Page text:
Tuesday, September 13, 2016

"Unrelenting" - A Book Review

I blogged about George Morris' new book, Unrelenting, in May.  Now that I've read the entire book, I thought I'd give you my two cents.  First of all, the book is long.  Some people may have a hard time getting through it but it would be difficult to shorten given all that he has accomplished. It's not that well written, always a pet peeve of mine, since I prefer literary fiction and good writing in all that I read.  This one does not pass that test.  The photos are good and there are many of them which always adds to a book.  The book talks a lot about people in the horse industry, mostly hunters and jumpers, some who are still in the sport, many who have passed away, and others who have moved on to other things.  Nothing gets tended to in any deep way.  It's a surface job more or less, but again, he's had a huge career and the book would be a thousand pages if he really dug deep. 

Overall, I enjoyed the book but I likely won't read it a second time (I do read books I love more than once).  It appealed to me mostly because of the history in the book, things I did not know, information about how difficult certain horses were, which I find interesting.  Dillon is one example, a top show hunter in his day, who was so cold backed he could hardly be ridden at times.  I loved learning about these small tidbits that you wouldn't know about.  The book may be too "foreign" for those who know little about this sport, the people he talks about, the venues, the events. etc.  I loved learning about all of the Olympic Games he was part of and also liked his sparse comments about the 2009 World Cup Finals since I did attend that event in Las Vegas.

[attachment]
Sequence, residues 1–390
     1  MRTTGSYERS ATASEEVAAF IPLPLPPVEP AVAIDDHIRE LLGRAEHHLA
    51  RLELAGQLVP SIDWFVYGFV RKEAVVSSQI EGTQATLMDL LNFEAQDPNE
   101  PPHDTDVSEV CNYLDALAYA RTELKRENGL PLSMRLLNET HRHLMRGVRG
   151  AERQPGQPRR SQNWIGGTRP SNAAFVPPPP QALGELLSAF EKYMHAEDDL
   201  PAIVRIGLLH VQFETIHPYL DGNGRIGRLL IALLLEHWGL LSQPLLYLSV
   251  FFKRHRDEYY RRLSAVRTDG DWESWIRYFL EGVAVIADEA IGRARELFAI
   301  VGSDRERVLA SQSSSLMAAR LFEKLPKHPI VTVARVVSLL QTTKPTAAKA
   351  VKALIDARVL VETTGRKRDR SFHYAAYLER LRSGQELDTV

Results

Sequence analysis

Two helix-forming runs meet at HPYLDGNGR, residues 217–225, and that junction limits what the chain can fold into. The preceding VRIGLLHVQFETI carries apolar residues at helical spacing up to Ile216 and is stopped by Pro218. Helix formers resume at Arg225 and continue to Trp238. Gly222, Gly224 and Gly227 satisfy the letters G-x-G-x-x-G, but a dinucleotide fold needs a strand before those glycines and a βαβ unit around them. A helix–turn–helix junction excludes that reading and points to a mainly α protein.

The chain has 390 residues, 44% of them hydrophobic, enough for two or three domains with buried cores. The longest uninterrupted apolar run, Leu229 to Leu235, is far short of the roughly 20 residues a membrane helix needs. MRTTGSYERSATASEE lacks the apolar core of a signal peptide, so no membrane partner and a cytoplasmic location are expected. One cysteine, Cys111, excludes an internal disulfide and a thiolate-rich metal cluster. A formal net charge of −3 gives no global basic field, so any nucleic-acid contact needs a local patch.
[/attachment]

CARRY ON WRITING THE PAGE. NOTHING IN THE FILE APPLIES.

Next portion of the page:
So perhaps I have convinced you, or not, to read this interesting book.  Reading is a great pastime, there is so much to learn out there.  We just need more time. 

You can see the book here.



  1. "Not that well written." Oh, the irony.

  2. Agreed - it was very poorly written. I couldn't get through it. After 100 pages, I plopped it back on the shelf.

  3. I'm with you - I especially enjoyed the tidbits about horses and people I know of and the behind-the-scenes stuff from various events. I didn't particularly enjoy all the personal details of his love life and I DEFINITELY didn't enjoy the bad writing. Too! Many! Exclamation! Points! for starters. I read every word of some of it, skipped other parts and skimmed more. I'm glad it's on my shelf of horse books but I probably won't dive back in anytime soon, either (some of my horse books have been read a dozen times, at least!).


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